The report should not have stopped there. His own office's autopsy suggested differently.

Gerber failed to mention that the autopsy revealed gun powder burns on Chapman's head.

I wrote at the time: "The inconsistency between the finding of powder burn(s) and the verdict of a sniper shot was confirmed by a researcher's interview with a well-known forensic pathologist, a medical physician with special expertise in the legal aspects of medicine."

Indeed, in court later, Dr. Cyril Wecht, a respected forensic pathologist and former coroner, testified about the powder burns and that Chapman had to have been killed by close range, not a sniper.

Both the Cleveland Press and Plain Dealer in news accounts had proclaimed Chapman a "hero" for helping rescue a Cleveland police officer. Not everyone believed that version. The Call & Post questioned the reports in an article, "Who killed James Chapman?" It stated: "The circumstances surrounding his death are very mysterious and subject to much speculation."

The autopsy report I obtained indicated, as was later testified in court, that he was killed by a weapon some 18 inches from his head. It thus couldn't have been a sniper shot from a distance. Since he was with Cleveland police officers the conclusion suggests he was killed by police.

The Glenville gun battle took place around E. 123rd Street and Lakeview Road.

In a report in 2010, a police officer who was with Chapman quoted said that Chapman had been with him and was shot, as he was, by black nationalists. See WKYC report: http://www.wkyc.com/news/story.aspx?storyid=141206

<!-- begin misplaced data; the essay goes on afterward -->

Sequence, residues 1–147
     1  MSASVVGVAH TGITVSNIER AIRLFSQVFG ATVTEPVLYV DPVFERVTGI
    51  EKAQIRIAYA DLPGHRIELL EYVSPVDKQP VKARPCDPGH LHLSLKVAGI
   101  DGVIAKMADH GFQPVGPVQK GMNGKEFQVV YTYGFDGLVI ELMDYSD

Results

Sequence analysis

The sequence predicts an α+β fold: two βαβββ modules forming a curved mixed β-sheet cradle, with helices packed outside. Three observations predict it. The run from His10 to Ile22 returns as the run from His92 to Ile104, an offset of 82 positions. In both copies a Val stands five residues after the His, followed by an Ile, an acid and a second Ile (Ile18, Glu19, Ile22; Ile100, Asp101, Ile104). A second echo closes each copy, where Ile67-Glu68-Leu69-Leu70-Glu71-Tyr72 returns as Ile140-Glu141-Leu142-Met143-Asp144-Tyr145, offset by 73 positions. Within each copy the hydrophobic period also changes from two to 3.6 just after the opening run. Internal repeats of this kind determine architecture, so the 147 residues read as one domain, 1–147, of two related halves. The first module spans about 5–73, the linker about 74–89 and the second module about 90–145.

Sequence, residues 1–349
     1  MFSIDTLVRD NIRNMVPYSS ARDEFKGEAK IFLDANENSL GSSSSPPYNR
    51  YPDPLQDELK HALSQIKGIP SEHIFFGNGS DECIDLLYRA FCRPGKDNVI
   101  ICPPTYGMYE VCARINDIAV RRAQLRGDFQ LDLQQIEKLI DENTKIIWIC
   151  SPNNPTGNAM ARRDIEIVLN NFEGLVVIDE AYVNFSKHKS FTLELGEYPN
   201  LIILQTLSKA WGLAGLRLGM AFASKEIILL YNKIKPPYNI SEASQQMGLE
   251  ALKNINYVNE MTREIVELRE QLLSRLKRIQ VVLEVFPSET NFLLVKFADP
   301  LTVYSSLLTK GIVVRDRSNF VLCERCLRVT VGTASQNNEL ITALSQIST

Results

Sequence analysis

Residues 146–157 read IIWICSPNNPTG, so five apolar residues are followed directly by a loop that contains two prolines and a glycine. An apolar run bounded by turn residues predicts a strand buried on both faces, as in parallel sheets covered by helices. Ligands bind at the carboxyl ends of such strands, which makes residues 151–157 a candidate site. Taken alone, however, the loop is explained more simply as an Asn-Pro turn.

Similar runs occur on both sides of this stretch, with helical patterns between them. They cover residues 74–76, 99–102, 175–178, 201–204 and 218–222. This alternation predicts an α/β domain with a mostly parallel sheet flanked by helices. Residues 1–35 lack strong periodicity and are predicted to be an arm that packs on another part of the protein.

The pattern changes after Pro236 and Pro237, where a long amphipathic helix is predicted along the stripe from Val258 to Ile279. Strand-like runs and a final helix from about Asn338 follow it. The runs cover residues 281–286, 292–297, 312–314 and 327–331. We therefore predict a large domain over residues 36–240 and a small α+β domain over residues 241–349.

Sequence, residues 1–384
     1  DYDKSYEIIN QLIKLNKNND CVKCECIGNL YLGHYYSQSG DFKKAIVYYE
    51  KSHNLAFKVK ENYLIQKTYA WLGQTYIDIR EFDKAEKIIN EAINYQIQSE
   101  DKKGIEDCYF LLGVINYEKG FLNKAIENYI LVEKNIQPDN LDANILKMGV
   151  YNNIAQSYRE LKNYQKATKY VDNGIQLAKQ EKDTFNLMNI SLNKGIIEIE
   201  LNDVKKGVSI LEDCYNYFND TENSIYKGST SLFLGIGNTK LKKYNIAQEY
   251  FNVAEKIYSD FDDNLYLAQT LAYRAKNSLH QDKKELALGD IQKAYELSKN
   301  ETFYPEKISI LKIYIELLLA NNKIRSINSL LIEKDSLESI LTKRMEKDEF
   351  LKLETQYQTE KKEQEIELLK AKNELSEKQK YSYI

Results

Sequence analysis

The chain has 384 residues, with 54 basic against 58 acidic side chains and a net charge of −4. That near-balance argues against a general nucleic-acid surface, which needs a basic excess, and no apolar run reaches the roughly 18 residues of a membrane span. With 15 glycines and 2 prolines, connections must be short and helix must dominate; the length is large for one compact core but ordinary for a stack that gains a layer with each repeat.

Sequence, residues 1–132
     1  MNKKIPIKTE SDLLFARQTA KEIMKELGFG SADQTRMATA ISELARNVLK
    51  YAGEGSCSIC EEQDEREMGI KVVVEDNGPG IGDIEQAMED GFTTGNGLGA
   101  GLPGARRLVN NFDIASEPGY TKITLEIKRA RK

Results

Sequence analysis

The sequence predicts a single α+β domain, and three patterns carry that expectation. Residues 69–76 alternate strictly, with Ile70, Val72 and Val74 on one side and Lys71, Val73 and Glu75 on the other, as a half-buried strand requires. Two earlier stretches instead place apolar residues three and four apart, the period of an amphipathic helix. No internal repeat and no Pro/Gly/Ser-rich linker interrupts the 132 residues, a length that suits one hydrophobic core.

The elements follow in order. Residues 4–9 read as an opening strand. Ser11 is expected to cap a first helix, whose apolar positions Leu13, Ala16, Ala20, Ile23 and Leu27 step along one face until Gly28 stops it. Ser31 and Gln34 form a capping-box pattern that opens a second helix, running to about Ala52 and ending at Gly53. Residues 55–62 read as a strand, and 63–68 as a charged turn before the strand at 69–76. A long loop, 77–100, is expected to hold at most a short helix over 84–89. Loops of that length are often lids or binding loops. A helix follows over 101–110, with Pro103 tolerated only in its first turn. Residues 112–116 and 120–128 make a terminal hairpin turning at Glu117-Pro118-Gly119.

The second case involved a photographer assigned by national NBC-TV to cover the conflict. His testimony is as disturbing today as it was 45 years ago. An immigrant from Eastern Europe (Hungary) he was especially shocked by his Cleveland experience.

He was filming police at E. 105th street. For filming police actions he was severely beaten on the street and later at a police station.

He observed and filmed police pushing citizens against the wall.

"Pushing aggressively with their hands, very powerful. I never see this before, using the rifle, pushing people, holding the rifle and pushing people," he said, when questioned by the FBI.

Then Julius Boros got jumped. "Okay, when this guy jump on me and he (threw) the camera away, the way he jumped on me, I went down, halfway on my knees because, you know, and as soon as he threw the camera I seen more police running there, maybe five or six, and really started kicking me and using the sticks and rifles and the end of the rifles and hitting me, and it was then I felt the first time that I would pass out because it came very fast and very strong right on my body."

"... That's when I finally - I went down once and I tried to stand up and they were all swearing at me, and they started...hitting my face very badly with their fists, you know, punching me all over."